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I have been marinating on this post for weeks.  I want to be honest with you, but at the same time I don’t want you to worry about your future past your journey.  

 

Ultimately I know that there are a lot of you out there that need to hear this so if I can help even one person with this info my day has been a success.

 

Last year about this time I was told I need to have an ovary removed.  It was a super hard decision to make but I had a persistent cyst for over a year.  Due to my cancer history I had to have it removed. When the chirpy pregnant medical assistant came in to have me sign paperwork for me being “sterilized” my blood started to boil.  You with your big belly have no idea what I have been though and am going though so could you be a little nicer with your labeling?

 

Navigating though cancer therapy post breast cancer surgery can be tricky.  If you are estrogen positive you are put on Tamoxifen to suppress your estrogen production.  While it is super helpful in preventing a repeat tumor, it can cause uterine cancer. I have already lost an ovary, both my tubes and now I face a hysterectomy and loss of my other ovary.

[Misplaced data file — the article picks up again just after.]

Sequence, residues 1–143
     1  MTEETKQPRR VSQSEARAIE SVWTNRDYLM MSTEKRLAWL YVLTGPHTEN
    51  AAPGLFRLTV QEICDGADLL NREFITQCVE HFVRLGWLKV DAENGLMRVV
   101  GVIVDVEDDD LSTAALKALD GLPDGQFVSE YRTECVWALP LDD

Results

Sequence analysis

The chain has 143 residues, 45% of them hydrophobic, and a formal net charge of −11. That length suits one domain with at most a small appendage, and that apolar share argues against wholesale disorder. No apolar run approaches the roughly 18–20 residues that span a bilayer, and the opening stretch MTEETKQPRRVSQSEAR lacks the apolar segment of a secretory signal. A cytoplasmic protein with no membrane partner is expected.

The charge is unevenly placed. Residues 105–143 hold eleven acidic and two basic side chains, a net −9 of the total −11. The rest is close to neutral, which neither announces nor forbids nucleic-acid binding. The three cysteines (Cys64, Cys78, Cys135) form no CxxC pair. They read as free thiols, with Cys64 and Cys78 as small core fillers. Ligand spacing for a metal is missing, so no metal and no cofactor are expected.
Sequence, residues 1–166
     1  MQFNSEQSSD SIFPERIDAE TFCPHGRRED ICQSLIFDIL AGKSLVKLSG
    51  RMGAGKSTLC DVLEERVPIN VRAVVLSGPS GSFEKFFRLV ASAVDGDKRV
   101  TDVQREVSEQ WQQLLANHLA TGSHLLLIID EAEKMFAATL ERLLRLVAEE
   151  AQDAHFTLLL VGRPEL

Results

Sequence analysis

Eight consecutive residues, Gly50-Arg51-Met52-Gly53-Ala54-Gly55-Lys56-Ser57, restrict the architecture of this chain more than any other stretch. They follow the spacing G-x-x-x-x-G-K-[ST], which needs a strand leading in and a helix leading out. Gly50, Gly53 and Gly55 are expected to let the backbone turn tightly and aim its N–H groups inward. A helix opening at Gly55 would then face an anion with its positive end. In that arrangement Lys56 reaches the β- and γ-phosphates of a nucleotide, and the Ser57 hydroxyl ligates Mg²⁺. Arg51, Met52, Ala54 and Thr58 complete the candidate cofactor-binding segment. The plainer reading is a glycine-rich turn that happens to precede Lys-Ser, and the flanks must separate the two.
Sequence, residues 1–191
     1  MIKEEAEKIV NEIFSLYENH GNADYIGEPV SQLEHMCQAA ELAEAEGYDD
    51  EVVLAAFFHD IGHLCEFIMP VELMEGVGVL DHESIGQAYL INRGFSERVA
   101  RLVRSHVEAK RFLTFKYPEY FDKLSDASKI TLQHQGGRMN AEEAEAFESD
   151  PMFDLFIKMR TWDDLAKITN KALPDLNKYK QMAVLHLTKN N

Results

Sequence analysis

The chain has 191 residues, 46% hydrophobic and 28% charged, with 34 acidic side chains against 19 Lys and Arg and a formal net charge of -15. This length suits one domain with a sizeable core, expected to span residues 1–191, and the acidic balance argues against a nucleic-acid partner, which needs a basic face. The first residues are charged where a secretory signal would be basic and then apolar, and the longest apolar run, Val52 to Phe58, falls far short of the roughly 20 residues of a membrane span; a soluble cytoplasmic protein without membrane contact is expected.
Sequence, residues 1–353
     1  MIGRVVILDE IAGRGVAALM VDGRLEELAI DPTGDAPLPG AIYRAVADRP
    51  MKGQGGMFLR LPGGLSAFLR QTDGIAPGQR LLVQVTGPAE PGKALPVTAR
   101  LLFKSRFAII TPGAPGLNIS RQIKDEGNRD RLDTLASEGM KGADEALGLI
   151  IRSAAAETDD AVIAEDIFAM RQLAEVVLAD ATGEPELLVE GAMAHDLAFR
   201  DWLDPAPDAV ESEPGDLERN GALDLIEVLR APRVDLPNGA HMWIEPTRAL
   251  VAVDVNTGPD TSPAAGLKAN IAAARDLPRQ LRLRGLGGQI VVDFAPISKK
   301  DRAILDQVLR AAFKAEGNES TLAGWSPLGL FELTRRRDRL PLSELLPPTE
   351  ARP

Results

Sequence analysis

Some of you may understand why this is such a hard pill for me to swallow, some may not, but either way my feelings are valid. For years I suffered and struggled to expand my family so the thought of removing the very items that were part of my road to fertility is tough.  Ultimately for the very reasons I don’t want to do it I must. I want to make sure I live a long happy life and be here for my children that I struggled to have.

 

Such a delicate balance isn’t it?

 

I share this because once you are part of the sisterhood of infertility you always are.  We didn’t ask to join this illustrious group, but we none the less are here. While you are jumping though hoops to get pregnant the pain is much worse. Once you hold that baby in your arms there is a massive cleanse that comes along with that amazing moment too.  I can’t tell you though that the journey that you had to travel won’t leave permanent scars.

 

I took my scars and am using them for good and I truly hope that you do as well.  However, if you find yourself angry or sad long after the journey is complete this is so NORMAL.  Just like any tough situation you go through, you may experience some PTSD from time to time. The most important thing that has helped me is allowing these feelings to come to the surface and not squashing them.  Remember that they are valid, work though them and try to move on.  

 

I am taking my own advise and working though my feelings while I face this hysterectomy. Ultimately I know it won’t serve me or my family not to. 

 

-Push though the hard.

-Know that your feelings are valid.

-Be gentle on yourself.

-Know that I’m sending you huge hugs and baby dust.

 

xoxo,

Caryn

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